What horses do with their ears
Unlike other breeds of domestic animal, horses almost never have floppy or 'lop' ears. (It does exist, but is a rare mutation rather than a breed trait).
Most horses have small leaf-shaped ears that may or may not curl inward slightly at the tips - these are sometimes called 'fox' ears. An Indian breed, the Kathiawari/Marwari, has such extreme fox ears that the tips often touch. Donkeys have longer, straight ears, whilst mule ears are somewhere between the two.
A horse's ears are located on the very top of its head. If a horse has dark points, then the edge of the ear is usually dark. Dun horses may have two tone or completely dark ears.
Horses have very good hearing. They can, like humans, handle several sounds at the same time. When a horse focuses on a particular sound, he will swivel one or both ears towards it. The more interesting the sound, the more likely it is that both ears will turn (if you want to see this, rustle a treat bag).
The equine hearing range is wider than ours and their hearing is more sensitive. This is one reason why a horse may spook at something its rider remains oblivious to - they heard it and you didn't. Horses generally, as a result, dislike sudden sounds or high pitched sounds such as dog whistles. The cup-like shape of the equine ear is part of what makes their hearing so much better than ours, and their ability to turn and move their ears helps them locate the sound.
Some horses are more reactive to sound than others. A 'spooky' or 'flighty' horse is often one that pays more attention to unusual noises. For this reason, ear plugs are sometimes used on show horses. It is fairly common for racehorses to be equipped with ear plugs, as some horses will get distracted by the crowd noise in the final stretch and slow down. Ear plugs help them focus on the job of winning the race.
Horses, like humans, can suffer from age-related hearing loss, for which there is currently no treatment.
For humans, wriggling one's ears is a party trick. We have three muscles controlling our outer ears.
Horses have ten. The equine ear is one of the most expressive parts of the body. Much of a horse's mood is demonstrated by the position and attitude of the ears.
Flattened or 'pinned' ears are a sign of fear, aggression, or both. A horse that pins its ears at your approach is giving the same warning as a growling dog. Some horses learn to pin their ears to deliberately intimidate humans as a way of getting out of work.
Forward pricked ears mean happiness or alertness. They can also mean that the horse is paying attention to something or somebody in front of them. For this reason, people showing or photographing horses will sometimes make an interesting noise to get the horse's attention and bring its ears forward. It's standard procedure in the Arabian halter ring to keep a plastic bag in your pocket and crinkle it when the judge is looking at your horse.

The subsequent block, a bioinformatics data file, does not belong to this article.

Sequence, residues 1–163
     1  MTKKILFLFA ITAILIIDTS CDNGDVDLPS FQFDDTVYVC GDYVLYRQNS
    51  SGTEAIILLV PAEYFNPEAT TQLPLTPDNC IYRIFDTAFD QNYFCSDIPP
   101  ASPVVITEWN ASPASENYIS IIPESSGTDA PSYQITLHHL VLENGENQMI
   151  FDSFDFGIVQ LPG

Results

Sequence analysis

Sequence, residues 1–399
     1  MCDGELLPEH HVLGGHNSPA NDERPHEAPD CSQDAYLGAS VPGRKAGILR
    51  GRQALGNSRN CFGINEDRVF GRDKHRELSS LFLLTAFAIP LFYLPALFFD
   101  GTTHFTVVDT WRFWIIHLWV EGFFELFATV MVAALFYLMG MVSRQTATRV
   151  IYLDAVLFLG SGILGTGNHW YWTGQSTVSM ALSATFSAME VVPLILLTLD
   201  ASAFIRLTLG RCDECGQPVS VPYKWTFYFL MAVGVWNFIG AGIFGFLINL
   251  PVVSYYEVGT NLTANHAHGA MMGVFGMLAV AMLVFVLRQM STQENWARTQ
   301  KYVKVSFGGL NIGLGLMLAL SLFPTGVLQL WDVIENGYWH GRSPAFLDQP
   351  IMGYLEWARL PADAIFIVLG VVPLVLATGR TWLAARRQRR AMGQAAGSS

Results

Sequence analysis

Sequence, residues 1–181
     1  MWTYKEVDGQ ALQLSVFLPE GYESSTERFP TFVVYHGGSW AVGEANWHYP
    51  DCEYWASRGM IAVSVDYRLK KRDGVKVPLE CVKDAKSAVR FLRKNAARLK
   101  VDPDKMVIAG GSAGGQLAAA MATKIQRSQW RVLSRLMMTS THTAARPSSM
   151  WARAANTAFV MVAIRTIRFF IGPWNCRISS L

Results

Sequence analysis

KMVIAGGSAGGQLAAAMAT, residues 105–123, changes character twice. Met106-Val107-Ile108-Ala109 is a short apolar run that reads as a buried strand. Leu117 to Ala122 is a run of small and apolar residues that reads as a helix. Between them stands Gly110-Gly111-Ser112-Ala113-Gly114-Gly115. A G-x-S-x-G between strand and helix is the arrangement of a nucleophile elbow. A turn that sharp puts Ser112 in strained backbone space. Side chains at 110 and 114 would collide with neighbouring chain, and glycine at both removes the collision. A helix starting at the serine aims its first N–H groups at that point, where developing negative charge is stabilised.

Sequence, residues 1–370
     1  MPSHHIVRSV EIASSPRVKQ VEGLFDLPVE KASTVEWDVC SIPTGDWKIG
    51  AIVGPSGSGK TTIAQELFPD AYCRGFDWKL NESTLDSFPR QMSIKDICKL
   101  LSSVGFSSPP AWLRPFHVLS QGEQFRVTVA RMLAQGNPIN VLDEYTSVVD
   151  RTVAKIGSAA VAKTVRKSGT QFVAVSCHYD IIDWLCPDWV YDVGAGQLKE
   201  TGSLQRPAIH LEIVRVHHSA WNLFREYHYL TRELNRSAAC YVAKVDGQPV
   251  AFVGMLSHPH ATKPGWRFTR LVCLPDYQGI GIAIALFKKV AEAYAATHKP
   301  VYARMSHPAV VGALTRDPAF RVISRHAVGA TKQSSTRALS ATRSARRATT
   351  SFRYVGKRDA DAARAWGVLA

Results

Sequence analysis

When being ridden, a horse will often swivel its ears or keep one ear pointed back and the other forward. This simply means that the horse is listening to the rider, and there is a big difference between an ear that is turned towards the rear and one that is pinned.
Finally, floppy or drooping ears are a sign that should always be paid attention to. In most cases, drooping ears mean that a horse is tired and if a horse is falling asleep, its ears will often slowly dip. Drooping ears when riding may, thus, mean that you have worn the horse out and it might be time to stop. Drooping ears on a horse you are checking out for sale may mean it has been giving a sedative. Ace will often cause the ears to droop.
Drooping ears can also be a sign of unhappiness with a situation or overall depression. (Yes, horses can get depressed). Horses that are in poor condition may have drooping ears either because of muscular weakness or because of depression - if it's the latter, the ears will generally stand up straight just as soon as the horse realizes the hay isn't going anywhere.
Watching a horse's ears tells you what mood they are in and where their attention is.
Needless to say, a horse's ears are very important to the horse and the rider.
Age-related hearing loss seldom affects a horse's ability to work and be ridden. In fact, it's possible that the reason some spooky or flighty horses become quiet when they age is because they are going deaf and no longer hearing what was bothering them. Age-related hearing loss generally starts to become noticeable at about 15. It's possible to test a horse's hearing.
A deaf or hard of hearing horse should not be trail ridden alone, however, as they may not hear things coming and then may spook when they see them. Hard of hearing horses may also miss vocal commands given by a rider or trainer.
Horses can get ear infections, but it is very rare. Infections of the gutteral pouch can cause temporary hearing loss, but true ear infections are not common in equines the way they are in dogs and cats.
Far more common is parasitic infections. Ear mites often cause the horse to rub its head or ears, shake the head or become overall irritable. They are hard to properly diagnose as they tend to live right down in the ear and hard to treat. If you think your horse has ear mites, call the vet, who will sedate the horse and examine the ear canal. If mites are found he will recommend medication. This often only kills the adult mites and several treatments are normally needed to keep the problem from recurring.
Some horses are particularly bothered by blackflies or gnats around their ears. The best treatment for that is a fly mask with ear covers or wiping (not spraying) fly repellent onto the horse's ears before turning them out.